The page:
Chainsaws were originally designed to aid in childbirth, not to cut wood.
- If a kid was too big to fit through the birth canal before Cesarean sections, portions of the pelvis were excised.
- The treatment was initially carried out using a tiny knife, which was both filthy and uncomfortable.
- Two doctors devised the chainsaw in 1780 to make the removal process quicker and faster.
- Hand cranks were used to power the first chainsaws.
After reading the title, you’re probably already clutching your knees, but the chainsaw was originally designed to aid with childbirth. All babies had to be passed through the delivery canal before the caesarian section became popular. That makes perfect sense.
But, as we all know, breech or big babies can become obstructed in the womb. When newborns couldn’t fit through or became caught in the pelvis, sections of the bone and cartilage were removed to provide more room. This is referred to as a “symphysiotomy.”
Originally, the technique was done by hand with a small knife and saw to remove the bone. This was all done on a woman who was in the process of giving delivery without anesthetic. It took a long time, and it was a shambles and very painful process.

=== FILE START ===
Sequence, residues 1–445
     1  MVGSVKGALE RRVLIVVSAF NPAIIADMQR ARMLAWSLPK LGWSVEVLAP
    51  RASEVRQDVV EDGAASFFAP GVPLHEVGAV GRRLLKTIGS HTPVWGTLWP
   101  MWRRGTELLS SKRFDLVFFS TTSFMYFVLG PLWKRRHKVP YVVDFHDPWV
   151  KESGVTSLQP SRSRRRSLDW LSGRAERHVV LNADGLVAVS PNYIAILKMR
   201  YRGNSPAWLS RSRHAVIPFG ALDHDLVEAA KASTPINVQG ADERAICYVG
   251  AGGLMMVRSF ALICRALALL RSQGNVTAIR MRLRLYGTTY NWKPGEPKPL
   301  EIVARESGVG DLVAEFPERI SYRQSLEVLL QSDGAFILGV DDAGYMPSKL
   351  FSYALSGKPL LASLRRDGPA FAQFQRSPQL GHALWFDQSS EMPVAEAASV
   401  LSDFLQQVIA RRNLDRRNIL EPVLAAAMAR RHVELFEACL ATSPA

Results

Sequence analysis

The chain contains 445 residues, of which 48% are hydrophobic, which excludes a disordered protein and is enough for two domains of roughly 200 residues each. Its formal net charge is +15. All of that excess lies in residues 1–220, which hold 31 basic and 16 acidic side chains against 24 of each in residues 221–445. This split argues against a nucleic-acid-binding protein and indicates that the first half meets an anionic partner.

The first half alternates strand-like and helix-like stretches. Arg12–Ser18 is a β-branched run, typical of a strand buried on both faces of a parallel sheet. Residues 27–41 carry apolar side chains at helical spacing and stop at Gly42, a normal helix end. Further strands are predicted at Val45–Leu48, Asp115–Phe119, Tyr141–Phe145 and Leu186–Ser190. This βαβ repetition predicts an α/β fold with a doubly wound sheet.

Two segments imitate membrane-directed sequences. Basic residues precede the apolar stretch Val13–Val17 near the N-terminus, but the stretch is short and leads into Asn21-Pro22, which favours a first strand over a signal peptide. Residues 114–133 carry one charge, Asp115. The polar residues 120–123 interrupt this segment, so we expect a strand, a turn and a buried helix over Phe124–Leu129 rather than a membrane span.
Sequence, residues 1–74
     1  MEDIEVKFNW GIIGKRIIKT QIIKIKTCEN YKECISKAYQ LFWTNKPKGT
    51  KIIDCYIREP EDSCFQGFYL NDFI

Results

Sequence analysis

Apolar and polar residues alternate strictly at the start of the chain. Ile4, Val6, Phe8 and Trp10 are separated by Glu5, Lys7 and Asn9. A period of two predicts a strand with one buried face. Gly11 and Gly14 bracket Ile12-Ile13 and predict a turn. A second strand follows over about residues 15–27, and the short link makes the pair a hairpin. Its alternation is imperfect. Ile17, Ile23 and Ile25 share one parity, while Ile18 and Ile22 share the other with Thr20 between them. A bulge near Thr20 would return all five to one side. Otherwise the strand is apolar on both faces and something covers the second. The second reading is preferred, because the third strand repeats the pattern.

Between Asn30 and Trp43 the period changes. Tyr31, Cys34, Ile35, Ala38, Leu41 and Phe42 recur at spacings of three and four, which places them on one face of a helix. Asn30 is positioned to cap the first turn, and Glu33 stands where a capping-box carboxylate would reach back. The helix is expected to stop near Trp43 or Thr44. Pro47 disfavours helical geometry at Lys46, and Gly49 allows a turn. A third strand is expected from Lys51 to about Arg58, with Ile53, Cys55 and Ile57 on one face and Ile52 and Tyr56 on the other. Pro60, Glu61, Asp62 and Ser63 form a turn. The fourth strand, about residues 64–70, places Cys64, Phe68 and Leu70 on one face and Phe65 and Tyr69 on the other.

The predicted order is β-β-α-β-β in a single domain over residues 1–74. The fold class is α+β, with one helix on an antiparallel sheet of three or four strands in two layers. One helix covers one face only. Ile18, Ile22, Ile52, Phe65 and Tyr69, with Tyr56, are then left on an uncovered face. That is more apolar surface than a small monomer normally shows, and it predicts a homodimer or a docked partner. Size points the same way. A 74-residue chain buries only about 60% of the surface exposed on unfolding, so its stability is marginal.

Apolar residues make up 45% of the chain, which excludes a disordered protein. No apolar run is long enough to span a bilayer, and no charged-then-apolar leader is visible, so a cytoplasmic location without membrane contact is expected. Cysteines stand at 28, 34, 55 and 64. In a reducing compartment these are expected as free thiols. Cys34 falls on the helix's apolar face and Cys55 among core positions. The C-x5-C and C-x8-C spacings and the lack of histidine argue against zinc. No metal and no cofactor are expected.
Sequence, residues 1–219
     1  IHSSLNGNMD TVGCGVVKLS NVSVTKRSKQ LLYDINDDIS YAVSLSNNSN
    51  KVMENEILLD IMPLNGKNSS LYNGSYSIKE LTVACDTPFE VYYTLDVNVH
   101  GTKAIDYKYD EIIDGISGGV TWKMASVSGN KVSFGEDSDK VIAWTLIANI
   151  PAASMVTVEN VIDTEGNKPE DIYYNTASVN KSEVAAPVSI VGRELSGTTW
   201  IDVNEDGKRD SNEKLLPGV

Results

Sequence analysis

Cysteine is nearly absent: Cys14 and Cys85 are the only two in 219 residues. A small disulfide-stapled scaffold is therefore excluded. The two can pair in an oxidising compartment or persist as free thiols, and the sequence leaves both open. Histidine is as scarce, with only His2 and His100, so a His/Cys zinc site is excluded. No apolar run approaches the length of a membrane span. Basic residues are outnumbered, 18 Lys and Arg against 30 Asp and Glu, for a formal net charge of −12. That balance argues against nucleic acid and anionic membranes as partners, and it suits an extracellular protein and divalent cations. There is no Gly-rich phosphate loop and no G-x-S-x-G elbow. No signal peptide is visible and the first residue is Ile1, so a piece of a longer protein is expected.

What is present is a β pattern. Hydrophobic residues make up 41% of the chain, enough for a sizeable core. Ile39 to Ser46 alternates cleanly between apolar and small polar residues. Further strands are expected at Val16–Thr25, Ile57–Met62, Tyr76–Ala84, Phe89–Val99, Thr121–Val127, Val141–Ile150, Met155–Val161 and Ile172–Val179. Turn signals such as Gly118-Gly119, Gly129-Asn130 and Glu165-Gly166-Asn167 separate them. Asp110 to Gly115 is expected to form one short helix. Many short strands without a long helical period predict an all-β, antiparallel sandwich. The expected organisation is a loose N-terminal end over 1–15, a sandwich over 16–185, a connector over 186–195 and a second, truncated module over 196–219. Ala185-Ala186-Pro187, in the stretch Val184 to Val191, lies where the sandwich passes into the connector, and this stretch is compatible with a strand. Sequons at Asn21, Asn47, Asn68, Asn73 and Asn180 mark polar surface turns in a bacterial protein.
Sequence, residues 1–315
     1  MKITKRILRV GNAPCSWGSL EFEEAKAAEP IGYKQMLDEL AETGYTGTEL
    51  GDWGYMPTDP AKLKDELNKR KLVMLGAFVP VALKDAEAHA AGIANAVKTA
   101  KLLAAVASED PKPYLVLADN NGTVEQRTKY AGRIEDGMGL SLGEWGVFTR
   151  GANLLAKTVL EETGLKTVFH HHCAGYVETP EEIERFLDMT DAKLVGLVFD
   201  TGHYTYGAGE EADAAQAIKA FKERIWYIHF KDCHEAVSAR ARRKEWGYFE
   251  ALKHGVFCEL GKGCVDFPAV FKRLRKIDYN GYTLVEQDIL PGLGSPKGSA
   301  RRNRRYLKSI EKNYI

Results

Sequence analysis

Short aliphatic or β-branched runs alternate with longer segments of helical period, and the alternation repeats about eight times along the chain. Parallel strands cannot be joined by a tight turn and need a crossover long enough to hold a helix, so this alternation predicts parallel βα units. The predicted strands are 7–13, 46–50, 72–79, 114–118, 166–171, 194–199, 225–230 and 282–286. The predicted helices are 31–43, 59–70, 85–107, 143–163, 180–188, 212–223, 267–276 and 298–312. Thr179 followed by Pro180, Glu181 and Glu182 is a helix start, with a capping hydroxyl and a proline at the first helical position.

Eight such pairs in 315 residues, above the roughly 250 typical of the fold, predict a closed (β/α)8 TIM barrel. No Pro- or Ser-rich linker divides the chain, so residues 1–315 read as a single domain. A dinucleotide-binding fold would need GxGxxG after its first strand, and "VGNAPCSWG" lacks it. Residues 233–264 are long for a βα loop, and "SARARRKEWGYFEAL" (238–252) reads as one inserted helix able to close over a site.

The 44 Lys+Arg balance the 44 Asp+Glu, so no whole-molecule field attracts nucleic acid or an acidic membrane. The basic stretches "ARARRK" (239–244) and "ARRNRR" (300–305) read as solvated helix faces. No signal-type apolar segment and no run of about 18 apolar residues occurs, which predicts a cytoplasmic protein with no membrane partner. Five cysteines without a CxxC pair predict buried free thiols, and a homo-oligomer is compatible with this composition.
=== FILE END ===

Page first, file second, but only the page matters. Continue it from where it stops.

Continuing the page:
If you’re already uncomfortable, don’t worry; we’re only about to get to the chainsaw section. This little-known history of this popular saw was revealed by 13th Floor. In 1780, two doctors devised the chainsaw to enable the removal of pelvic bone during childbirth easier and faster. It was operated by a hand crank and resembled a modern-day kitchen knife, with little teeth on an oval-wrapped chain. We’re sure you’re thinking of those loud machines that can chop down trees in seconds, but this one is a little less frightening and looks more like a medical device.
Still, anything including the words chainsaw, knife, saw, or blade in a fully awake surgery heading for your downstairs is horrifying! The first surgical chainsaw used for those symphysiotomies can be seen here.
In the operating room, the chainsaw was soon employed for various bone cutting surgeries and amputations. When people discovered how swiftly and easily it could get through, well, anything, it evolved into a woodworking tool. It grew bigger and stronger, eventually becoming the monster we know today.
Symphysiotomies are no longer performed, however they do occur occasionally in “Third World” nations if a cesarean section is not possible. In the United States, however, they are no longer performed.
So there you have it: the chainsaw’s unexpected and horrific history.